Forward or Backwards Leaning


And that brings me around to the other conversation I listened in on between Randy and Massimo. Randy mentioned that a difference in opinion between him and Massimo could be due to Randy dealing with more forward leaning organizations vs. backward leaning organizations. This is an important distinction and one that is often lost in the “Cloud Wars”. Many pundits say “Enterprise IT needs to be like NetFlix”. In principal, this is a good idea. NetFlix has done some pretty amazing things in the Cloud, Operations, and Development space, and they should be applauded for their work. In practice, everyone being NetFlix is much more difficult. NetFlix is a very forward leaning organization. As a young company, they are not tied down with the baggage of years of “Business as Usual”.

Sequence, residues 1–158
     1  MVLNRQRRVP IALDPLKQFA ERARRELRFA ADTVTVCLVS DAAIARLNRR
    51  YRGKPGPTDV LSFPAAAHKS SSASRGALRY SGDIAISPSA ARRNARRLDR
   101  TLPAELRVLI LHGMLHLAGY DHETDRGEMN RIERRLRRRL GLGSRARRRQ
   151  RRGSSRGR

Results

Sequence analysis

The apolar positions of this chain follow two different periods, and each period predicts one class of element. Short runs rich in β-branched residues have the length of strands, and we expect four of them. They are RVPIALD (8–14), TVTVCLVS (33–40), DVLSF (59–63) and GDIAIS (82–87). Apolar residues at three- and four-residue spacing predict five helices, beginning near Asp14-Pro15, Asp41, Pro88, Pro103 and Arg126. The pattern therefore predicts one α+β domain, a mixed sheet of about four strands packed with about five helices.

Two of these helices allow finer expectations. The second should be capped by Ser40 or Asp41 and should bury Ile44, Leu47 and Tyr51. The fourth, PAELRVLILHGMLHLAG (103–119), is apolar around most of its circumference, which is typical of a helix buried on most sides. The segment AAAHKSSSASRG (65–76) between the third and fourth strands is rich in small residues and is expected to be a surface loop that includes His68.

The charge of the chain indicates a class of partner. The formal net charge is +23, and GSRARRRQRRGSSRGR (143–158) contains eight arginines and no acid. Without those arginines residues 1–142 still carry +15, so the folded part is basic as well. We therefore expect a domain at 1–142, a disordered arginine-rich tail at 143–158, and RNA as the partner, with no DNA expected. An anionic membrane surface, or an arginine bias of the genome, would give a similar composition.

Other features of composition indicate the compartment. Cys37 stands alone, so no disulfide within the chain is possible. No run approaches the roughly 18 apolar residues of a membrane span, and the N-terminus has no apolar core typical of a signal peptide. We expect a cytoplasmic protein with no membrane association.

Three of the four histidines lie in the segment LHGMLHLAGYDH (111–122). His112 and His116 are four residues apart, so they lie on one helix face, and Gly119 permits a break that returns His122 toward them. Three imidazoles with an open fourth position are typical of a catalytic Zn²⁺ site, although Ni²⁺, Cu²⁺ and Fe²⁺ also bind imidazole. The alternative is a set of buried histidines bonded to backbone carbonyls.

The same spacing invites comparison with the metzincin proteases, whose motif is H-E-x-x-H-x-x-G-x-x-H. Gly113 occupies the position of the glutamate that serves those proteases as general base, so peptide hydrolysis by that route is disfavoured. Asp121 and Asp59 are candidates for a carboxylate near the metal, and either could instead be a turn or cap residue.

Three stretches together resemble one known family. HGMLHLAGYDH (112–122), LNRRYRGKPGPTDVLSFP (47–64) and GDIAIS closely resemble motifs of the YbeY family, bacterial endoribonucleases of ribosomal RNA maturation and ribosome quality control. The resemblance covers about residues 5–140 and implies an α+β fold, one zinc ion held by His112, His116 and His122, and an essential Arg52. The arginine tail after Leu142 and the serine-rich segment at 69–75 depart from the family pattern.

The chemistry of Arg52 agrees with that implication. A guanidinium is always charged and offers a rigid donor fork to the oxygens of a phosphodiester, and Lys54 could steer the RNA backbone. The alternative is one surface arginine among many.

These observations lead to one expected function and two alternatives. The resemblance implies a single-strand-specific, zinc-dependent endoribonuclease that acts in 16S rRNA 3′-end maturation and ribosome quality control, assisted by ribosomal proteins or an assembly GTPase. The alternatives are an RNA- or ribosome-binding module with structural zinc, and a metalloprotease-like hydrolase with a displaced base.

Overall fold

Many IT organizations are backward Leaning, or at the very least middle leaning. They have years and years of baggage that they are dragging with them on the Cloud journey. If they’ve managed to shed some of this baggage, they’ve become more middle leaning. But in the end they need companies that understand where these IT organizations are coming from, and how they can move forward, while still managing this baggage on a day to day basis as it is not going away anytime soon. 

 

And that is the beauty of BMC’s overall solution and strategy. We can help optimize your IT organization by providing consulting services to start you on the Cloud journey, we can provide you products that are constantly maturing in the features and functionality required for Cloud, and we can manage all that baggage you are bringing along with you. In the end, it is about meeting the needs of the business, something BMC has helped companies do for years. Cloud doesn’t change this end goal, it simply changes the speed and way you achieve that goal.